* Julio Teheran, Braves: 3.20 ERA, 185 2/3 innings, 8.2 K/9, 2.2 BB/9 in 2013 at the age of 22;
* Jordan Zimmermann, Nationals: 3.25 ERA, 213 1/3 innings, 6.8 K/9, 1.7 BB/9, 27 years old;
* Zack Wheeler, Mets: 3.42 ERA, 100 innings, 7.6 K/9, 4.1 BB/9, 23 years old;
* Homer Bailey, Reds: 3.49 ERA, 209 innings, 8.6 K/9, 2.3 BB/9, 27 years old;
* Michael Wacha, Cardinals: 2.78 ERA, 64 2/3 innings, 9.0 K/9, 2.6 BB/9, 21 years old;
* Hyun-Jin Ryu, Dodgers: 3.00 ERA, 192 innings, 7.2 K/9, 2.3 BB/9, 26 years old.
Last year, the Phillies faced Teheran, Zimmermann, Wheeler, Bailey and Ryu a total of 12 times. In those starts, the group combined to post a 2.76 ERA. The Phillies might have been ahead of the pack back in 2010 when they supplemented Roy Halladay and Cole Hamels by trading for Roy Oswalt and, after the season, signing Cliff Lee. Now, though, a No. 3 starter with No. 1 stuff is getting to be a prerequisite for serious World Series contention.
Two years ago, the Nationals added Gio Gonzalez to Zimmermann and Stephen Strasburg.
Teheran had a breakout season for the Braves in 2013 and is part of perhaps the deepest rotation in the majors, one that features Kris Medlen and Mike Minor in front of him and Brandon Beachy, Alex Wood, David Hale and Gavin Floyd behind him.
Ryu slots behind Clayton Kershaw and Zack Greinke, while Bailey sits behind Johnny Cueto and Mat Latos and in front of Mike Leake and 2013 revelation Tony Cingrani.
One can argue Wheeler slots somewhere other than third for the Mets, who also feature Bartolo Colon, Jon Niese and Dillon Gee. But with veterans like Tim Hudson, Josh Johnson, Wandy Rodriguez and Kyle Lohse in the middle of rotations in San Francisco, San Diego, Pittsburgh and Milwaukee, the Phillies were well aware of the precarious position they would hold if they entered a season counting on either Kyle Kendrick or Miguel Gonzalez to pitch them to victory in a majority of the matchups they would face in the No. 3 spot in their rotation.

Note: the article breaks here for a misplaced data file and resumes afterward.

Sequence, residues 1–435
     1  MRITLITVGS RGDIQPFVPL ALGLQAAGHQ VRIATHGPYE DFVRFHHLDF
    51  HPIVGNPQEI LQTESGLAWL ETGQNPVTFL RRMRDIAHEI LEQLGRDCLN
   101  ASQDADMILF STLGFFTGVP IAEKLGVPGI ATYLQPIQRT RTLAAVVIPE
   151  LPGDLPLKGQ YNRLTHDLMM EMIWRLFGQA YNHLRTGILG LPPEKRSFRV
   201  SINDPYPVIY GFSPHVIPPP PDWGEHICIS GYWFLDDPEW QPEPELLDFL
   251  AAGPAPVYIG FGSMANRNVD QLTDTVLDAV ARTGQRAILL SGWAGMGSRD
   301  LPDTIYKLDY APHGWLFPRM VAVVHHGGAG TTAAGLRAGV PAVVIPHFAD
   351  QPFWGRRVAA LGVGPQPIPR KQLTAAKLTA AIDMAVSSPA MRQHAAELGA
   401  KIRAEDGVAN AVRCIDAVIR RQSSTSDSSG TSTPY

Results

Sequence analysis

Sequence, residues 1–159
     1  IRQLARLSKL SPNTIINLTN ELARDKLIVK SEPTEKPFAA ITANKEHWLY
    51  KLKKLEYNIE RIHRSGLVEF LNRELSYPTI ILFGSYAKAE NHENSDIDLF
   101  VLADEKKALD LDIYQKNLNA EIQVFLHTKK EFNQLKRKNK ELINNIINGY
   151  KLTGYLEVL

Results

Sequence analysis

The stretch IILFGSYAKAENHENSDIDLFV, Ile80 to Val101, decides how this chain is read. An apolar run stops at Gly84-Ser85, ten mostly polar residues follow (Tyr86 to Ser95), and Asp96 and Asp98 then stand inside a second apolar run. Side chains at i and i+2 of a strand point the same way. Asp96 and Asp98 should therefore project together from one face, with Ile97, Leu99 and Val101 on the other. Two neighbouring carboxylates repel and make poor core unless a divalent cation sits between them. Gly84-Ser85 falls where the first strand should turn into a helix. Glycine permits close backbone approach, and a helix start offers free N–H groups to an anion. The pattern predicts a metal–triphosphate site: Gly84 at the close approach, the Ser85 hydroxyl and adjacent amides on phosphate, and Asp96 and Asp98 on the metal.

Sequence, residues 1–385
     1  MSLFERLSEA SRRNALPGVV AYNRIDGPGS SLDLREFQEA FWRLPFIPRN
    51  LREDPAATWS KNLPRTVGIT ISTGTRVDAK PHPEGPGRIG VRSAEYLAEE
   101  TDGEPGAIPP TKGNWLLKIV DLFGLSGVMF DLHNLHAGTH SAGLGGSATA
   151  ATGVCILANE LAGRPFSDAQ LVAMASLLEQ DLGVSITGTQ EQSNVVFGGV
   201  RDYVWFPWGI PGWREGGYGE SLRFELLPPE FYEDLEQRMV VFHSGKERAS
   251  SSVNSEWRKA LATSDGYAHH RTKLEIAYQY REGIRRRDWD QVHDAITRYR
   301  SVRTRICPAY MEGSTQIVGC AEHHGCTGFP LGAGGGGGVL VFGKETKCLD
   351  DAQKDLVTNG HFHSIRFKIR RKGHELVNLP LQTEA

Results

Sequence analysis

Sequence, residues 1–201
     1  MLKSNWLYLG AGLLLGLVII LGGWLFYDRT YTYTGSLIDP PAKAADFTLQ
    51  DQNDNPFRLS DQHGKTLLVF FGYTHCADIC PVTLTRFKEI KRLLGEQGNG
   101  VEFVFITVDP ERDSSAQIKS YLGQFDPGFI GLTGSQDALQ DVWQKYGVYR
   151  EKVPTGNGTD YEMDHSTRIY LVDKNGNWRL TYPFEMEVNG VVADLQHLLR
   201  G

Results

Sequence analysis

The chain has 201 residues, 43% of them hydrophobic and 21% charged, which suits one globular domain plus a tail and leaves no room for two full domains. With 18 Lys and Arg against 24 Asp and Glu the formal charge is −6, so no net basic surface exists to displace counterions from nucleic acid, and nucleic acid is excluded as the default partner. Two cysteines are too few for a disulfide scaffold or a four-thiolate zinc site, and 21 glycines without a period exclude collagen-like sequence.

In Burnett, who averaged 197 innings and a 3.41 ERA with 8.9 K/9 and 3.0 BB/9 in 2012 and 2013 with the Pirates, the Phillies feel like they have a pitcher who can fill the gaping void that would have existed otherwise.
"Beautiful," Sandberg said of the moment when he first spotted Burnett in a Phillies uniform at Bright House Field yesterday.
There is risk, of course. Burnett is 37 years old. He arrived at spring training 4 days after its official start because he spent much of the offseason contemplating retirement. Not until a couple of weeks ago did he begin to look like a realistic option for the Phillies. Agent Darek Brauneker did a nice job of negotiating a contract for a guy who said his options were limited to teams located close to his home in the Baltimore area.
The Phillies will pay Burnett at least $16 million this season, boosting their payroll to a club record (projected to be in the neighborhood of $183-$185 million, including about $10 million for player benefits). If Burnett decides to pitch again next season, he will be guaranteed at least $7.5 million to do so. Burnett is only 2 years removed from back-to-back disappointing seasons as a member of the Yankees, who assumed much of the cost of jettisoning him to the Pirates.
But the Phillies were pot committed. They could not enter a season with three No. 5 starters in their rotation and expect to compete.
None of this means that the Phillies are suddenly closing in on the Braves or Nationals in the National League East. Nor does it mean that they will have much in the way of margin for error in their quest for a berth in the postseason. What it means is that they have a chance.
"With guys healthy, I think this team can put up against anybody," Burnett said.
Which, of course, is no small condition. The Phillies still need to score enough runs to get Hamels, Lee and Burnett the breathing room they will need to win at a 60 percent clip, and enough to enable Kendrick and Roberto Hernandez/Miguel Gonzalez to win at a rate of every-other-start. They are the oldest team in the National League, with a lineup and pitching staff full of players who are at an age where their performance could disappear and never come back (see Halladay, Roy).
At the very least, the Phillies made a statement to their fan base: When they say they think they have the talent to contend, they mean it.
On Twitter: @ByDavidMurphy